The Sleeping Brain Decides What to Remember and What to Forget


Durk Pearson & Sandy Shaw’s Life Extension News Volume 16 No. 4 – April 2013

A new paper1 describes the sleep-dependent memory-processing factory that decides what to do with all that information you encountered during the day. As the paper’s authors point out, only some of that information is consolidated so as to become a part of a long-term knowledge base. The paper sifts through evidence from studies of naps, sleep deprivation, correlations of sleep stages and memory processing, sleep physiology, regional brain activity measured during and after sleep with PET and fMRI studies, cellular firing patterns, and synaptic and intracellular measures of plasticity to conclude that there is convincing evidence of sleep processing of memory with improvement of the overall knowledge base.

The authors discuss the new understanding that not all information is uniformly preserved, but that there is an exquisite selection process of memories underway during sleep. For example, they report that emotional memories can be selectively consolidated, especially during rapid eye-movement (REM) sleep. It has also been found that memories can be selectively maintained when they contain information on potential monetary rewards. Interestingly, when subjects of sleep memory studies have been told that they would be tested on certain areas of information and not on others provided before sleep, they were found after sleep to have retained more of the information they were told they would be tested on. Hence, the brain “knew” what to do to recall the relevant information.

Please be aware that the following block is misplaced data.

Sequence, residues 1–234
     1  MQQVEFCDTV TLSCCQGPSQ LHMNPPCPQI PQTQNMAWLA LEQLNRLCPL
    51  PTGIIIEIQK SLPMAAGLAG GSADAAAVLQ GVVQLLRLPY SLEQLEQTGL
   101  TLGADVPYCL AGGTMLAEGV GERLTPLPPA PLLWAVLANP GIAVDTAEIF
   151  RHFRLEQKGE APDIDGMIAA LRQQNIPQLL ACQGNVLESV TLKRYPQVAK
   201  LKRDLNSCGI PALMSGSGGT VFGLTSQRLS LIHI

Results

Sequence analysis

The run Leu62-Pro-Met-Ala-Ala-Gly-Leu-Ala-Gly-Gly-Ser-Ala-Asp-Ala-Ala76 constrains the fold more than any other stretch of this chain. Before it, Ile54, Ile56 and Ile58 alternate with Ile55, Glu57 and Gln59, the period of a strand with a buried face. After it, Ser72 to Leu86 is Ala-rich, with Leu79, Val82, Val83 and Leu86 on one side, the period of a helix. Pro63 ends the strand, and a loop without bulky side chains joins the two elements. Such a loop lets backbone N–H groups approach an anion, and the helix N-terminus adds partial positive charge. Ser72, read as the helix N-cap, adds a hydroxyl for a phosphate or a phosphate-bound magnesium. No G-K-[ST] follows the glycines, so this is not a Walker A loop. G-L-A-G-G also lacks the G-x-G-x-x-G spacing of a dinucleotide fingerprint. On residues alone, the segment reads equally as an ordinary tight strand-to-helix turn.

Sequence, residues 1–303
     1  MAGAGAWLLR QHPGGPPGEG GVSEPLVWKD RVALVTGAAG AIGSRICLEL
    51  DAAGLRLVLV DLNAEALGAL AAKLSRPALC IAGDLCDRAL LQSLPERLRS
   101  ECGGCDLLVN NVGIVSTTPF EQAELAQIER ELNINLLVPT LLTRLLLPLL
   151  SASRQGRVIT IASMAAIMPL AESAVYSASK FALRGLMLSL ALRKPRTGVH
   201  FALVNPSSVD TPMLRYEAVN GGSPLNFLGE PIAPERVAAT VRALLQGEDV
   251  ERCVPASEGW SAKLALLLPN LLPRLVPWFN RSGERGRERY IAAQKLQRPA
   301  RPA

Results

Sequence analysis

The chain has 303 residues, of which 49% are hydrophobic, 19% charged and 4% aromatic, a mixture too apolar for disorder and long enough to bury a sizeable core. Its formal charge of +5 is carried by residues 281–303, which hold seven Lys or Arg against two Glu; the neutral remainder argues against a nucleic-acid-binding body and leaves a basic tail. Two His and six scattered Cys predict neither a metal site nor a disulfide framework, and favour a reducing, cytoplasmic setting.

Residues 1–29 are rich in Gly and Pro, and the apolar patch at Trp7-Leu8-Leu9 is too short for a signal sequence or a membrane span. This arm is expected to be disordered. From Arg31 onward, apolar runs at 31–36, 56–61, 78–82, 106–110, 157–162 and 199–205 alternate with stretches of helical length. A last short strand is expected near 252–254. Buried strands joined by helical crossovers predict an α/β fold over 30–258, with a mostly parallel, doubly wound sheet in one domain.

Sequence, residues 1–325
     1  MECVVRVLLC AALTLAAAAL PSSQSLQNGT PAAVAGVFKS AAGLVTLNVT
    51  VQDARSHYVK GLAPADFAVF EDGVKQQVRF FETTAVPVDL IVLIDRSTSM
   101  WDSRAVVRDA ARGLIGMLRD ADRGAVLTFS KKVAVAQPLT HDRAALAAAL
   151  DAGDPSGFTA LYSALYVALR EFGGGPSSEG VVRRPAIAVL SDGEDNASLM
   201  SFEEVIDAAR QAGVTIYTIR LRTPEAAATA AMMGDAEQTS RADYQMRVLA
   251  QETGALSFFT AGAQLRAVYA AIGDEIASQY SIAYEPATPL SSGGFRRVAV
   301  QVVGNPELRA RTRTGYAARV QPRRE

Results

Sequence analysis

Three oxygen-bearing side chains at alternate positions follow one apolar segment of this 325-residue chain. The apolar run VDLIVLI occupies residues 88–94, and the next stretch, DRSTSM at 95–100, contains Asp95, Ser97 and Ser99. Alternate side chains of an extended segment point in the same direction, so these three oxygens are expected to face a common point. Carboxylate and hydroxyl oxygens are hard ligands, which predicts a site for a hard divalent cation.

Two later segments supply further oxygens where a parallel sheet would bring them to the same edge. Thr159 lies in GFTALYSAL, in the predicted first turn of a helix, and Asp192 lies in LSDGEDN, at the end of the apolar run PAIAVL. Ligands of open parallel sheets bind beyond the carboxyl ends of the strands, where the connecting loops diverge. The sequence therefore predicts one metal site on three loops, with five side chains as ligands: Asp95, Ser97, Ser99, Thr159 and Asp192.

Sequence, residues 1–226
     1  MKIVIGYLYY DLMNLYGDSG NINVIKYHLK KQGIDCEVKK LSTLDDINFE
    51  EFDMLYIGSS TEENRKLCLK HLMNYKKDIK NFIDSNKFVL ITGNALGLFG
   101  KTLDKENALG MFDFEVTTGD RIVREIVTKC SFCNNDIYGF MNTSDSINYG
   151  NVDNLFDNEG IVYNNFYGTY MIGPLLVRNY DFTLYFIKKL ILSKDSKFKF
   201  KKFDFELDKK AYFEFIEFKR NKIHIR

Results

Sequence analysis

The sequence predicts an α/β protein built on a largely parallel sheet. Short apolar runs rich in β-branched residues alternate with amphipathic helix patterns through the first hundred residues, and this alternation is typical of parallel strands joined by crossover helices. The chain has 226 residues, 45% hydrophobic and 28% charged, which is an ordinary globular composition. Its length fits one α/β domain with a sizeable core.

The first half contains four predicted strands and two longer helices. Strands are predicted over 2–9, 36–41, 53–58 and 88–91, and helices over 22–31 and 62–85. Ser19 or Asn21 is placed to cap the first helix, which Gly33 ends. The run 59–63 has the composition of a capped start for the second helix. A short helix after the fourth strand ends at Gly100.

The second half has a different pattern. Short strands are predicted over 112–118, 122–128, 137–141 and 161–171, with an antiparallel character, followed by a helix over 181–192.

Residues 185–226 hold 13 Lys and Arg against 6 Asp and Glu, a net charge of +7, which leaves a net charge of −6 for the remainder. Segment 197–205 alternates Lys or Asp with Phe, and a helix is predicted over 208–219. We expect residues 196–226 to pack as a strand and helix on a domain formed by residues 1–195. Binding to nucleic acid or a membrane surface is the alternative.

Moreover, the authors explain, it is possible for the brain to generate new information during the processing of the memory-derived information. “Whether consolidation necessarily precedes these integrative processes (serial processing) is not yet known, but no clear cases of integration without consolidation have been observed. We use the term ‘memory evolution’ to reflect both the qualitative changes that can occur during such integrative processing and the extended time course over which they occur.”1 In gist extraction, the authors refer to the identification of commonalities between items in a collection of memories even when individual item memories are forgotten. Some studies have been found to show that during sleep subjects can extract overarching rules that govern recently studied sets of information, such that understanding of relationships between the sets is improved following sleep.

One study reported by the authors dealt with subjects taught a rote method for solving a class of mathematical problems for which there was a shortcut solution (about which subjects were not told). After a night of post-training sleep, however, subjects were found to be 2.6 times more likely to discover this shortcut than after an equal period of time awake (59.1 versus 22.7% of subjects).1 But, interestingly, even those who did not discover the shortcut benefitted from sleep by improving the speed with which they were able to perform the rote method of solving the problems. Those who became faster without discovering the shortcut improved their speed (using the rote method) three times more than either those who discovered the shortcut or those who remained awake.

This study examines important sleep processes at a systems level rather than at a neurotransmitter level. Understanding sleep involves comprehending its mechanisms from the micro-level details (neuro­transmitters and synapses) to the overarching system architecture.


  1. Stickgold and Walker. Sleep-dependent memory triage: evolving generalization through selective processing. Nat Neurosci. 16(2):139-45 (2013).

One comment

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